Science Fair Project Encyclopedia
California Institute for Regenerative Medicine
The California Institute for Regenerative Medicine was created by California's Proposition 71 (2004), which authorized it to issue $3 billion in grants, funded by bonds, over ten years for embryonic stem cell and other biomedical research. It may be the world's largest single backer of research in stem cells, and is expected to speed the progress of the pioneering field.
The CIRM governing committee consists of representatives of groups and institutions who are likely to receive funding, including public universities, nonprofit research centers, private biotechnology companies, and disease-specific patient advocates. They were appointed (or, in the case of chair and vice-chair, nominated) by four elected officials and five UC Chancellors.
The chair of the committee is Robert Klein, a Palo Alto real estate developer who helped write and finance the initiative and is hopeful stem cells will provide a cure for his son, who has diabetes. He was unanimously nominated and elected as chairman. He was previously the chair of the Yes on 71 campaign, a chief author of the initiative, and - at $3 million - its largest financial supporter. The campaign operated from the offices of the Klein Financial Corporation. After the vote, the Yes on 71 campaign changed into the California Research and Cures Coalition, a stem cell advocacy organization, with Klein initially at the helm.
The vice-chair of the governing committee is Edward Penhoet, a biotech businessman. He was a co-founder and president of Chiron, and recently he founded Renovis. He is on the boards of directors of Chiron, Renovis, Zymogenetics, and BayBio; and recently on those of Eyetech and the Biotechnology Industry Association. He is a paid partner at Alta Partners, a venture capital firm with a large biotechnology portfolio. Penhoet has also served on the UC Berkeley faculty and as president of the Gordon and Betty Moore Foundation.
CIRM was initially supported by the staff of the California Research and Cures Coalition from the offices of the Klein Financial Corporation. It is now in temporary offices in Emeryville. It is searching for permanent office space and a president.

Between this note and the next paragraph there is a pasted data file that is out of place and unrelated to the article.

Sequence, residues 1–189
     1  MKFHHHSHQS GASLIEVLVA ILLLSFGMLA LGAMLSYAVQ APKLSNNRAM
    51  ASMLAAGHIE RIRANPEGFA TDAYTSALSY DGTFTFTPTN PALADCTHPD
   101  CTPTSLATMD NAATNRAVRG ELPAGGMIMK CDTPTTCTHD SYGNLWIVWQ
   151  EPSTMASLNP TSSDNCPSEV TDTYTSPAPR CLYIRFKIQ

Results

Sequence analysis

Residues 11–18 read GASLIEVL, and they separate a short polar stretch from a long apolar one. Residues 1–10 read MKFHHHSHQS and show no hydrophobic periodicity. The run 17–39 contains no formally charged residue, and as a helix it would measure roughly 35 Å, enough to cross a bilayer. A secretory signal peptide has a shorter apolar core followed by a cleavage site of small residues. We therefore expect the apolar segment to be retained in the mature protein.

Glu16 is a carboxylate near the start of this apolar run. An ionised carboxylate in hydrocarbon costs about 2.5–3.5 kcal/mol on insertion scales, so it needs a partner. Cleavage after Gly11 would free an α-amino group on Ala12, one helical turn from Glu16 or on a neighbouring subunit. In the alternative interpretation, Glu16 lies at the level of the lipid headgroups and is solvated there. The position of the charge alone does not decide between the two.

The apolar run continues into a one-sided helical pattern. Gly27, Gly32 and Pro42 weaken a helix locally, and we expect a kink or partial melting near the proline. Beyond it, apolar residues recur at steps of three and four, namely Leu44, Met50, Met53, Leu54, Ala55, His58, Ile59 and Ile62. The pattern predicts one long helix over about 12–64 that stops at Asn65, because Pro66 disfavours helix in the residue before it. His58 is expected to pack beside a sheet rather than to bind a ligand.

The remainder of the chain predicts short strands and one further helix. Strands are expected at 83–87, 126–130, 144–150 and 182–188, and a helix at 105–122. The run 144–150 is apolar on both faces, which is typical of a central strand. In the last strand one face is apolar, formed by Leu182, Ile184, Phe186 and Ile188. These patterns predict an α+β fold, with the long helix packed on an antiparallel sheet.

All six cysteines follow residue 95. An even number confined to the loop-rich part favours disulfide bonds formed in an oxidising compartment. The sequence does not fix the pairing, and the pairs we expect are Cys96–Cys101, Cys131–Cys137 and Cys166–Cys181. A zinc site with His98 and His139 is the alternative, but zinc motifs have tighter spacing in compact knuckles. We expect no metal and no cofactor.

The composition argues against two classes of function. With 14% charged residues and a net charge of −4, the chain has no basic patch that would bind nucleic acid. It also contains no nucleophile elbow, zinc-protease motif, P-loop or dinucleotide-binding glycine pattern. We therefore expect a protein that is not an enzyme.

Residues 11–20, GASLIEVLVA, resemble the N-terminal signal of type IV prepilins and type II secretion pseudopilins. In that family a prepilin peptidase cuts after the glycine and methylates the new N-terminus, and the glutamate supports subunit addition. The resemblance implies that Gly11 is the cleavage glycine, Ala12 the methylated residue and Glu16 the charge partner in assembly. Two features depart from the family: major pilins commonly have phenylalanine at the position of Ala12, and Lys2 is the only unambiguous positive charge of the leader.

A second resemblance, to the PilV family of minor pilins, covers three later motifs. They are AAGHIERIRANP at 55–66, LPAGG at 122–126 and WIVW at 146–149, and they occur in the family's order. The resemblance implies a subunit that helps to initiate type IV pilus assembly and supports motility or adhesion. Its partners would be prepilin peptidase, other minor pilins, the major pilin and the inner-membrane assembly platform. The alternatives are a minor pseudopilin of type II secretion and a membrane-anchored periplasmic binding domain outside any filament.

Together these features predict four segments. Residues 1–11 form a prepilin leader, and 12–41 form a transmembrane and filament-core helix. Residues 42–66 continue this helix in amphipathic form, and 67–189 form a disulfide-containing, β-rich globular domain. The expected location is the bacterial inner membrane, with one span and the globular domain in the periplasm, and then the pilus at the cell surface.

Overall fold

The campaign spent over $30 million and received contributions from figures such as Bill Gates, venture capitalist John Doerr (an early backer of Internet search engine Google), and eBay founder Pierre Omidyar, as well as actors Michael J. Fox and the late Christopher Reeve. Its largest source of funding was from venture capitalists. It was also backed by California governor Arnold Schwarzenegger, a moderate republican.
Opposition to the initiative came from a diverse range of groups, including both those who support abortion rights and those who oppose them. The former are generally opposed to all embryonic stem cell research, while the later emphasized potential conflicts of interest, a lack of transparency and accountability, and inadequate safeguards to protect the health of egg providers and research subjects.
Following the passage of the proposition, Robert Klein said "there is no doubt in my mind that the mission Californians accepted today is a critical first step in changing the face of human suffering forever." Yet CIRM and its governing board have faced significant criticism from both opponents and supporters of Prop. 71. For example, the ambitious agenda of its first meeting was postponed due to open meeting laws after a challenge from a public interest lawyer. More recent questions have involved possible conflicts of interest and the role of fundraising by the California Research and Cures Coalition.
The institute is expected to perform the role in the advancement of the field and the funding of research projects that would normally be played in the U.S. by the government's premiere scientific research organization, the National Institutes of Health (NIH). NIH and the federal government will likely play a diminished role in the field because of the Bush administration's banning of federal funding of research using embryonic stem cell lines developed after August 2001. (See controversy over stem cell ethical implications) Some proponents believe other US states may follow with similar propositions, creating a state-by-state approach that sidesteps the Bush administration's federal funding restrictions. This topic is also dealt with in the Emerging US state-by-state approach section of the stem cell article.
- California Institute for Regenerative Medicine homepage
- The Center for Genetics and Society, a public interest critic of CIRM and Prop. 71
The contents of this article is licensed from www.wikipedia.org under the GNU Free Documentation License. Click here to see the transparent copy and copyright details